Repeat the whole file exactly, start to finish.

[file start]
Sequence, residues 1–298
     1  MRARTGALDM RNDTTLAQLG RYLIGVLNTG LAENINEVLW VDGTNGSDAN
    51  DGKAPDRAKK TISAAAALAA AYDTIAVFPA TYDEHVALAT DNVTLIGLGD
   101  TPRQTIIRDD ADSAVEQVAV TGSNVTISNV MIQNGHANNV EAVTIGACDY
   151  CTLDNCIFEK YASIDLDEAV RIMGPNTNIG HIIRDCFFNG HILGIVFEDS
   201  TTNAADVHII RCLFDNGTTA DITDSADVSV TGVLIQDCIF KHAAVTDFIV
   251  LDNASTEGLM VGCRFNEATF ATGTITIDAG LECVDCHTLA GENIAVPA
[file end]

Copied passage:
Sequence, residues 1–298
     1  MRARTGALDM RNDTTLAQLG RYLIGVLNTG LAENINEVLW VDGTNGSDAN
    51  DGKAPDRAKK TISAAAALAA AYDTIAVFPA TYDEHVALAT DNVTLIGLGD
   101  TPRQTIIRDD ADSAVEQVAV TGSNVTISNV MIQNGHANNV EAVTIGACDY
   151  CTLDNCIFEK YASIDLDEAV RIMGPNTNIG HIIRDCFFNG HILGIVFEDS
   201  TTNAADVHII RCLFDNGTTA DITDSADVSV TGVLIQDCIF KHAAVTDFIV
   251  LDNASTEGLM VGCRFNEATF ATGTITIDAG LECVDCHTLA GENIAVPA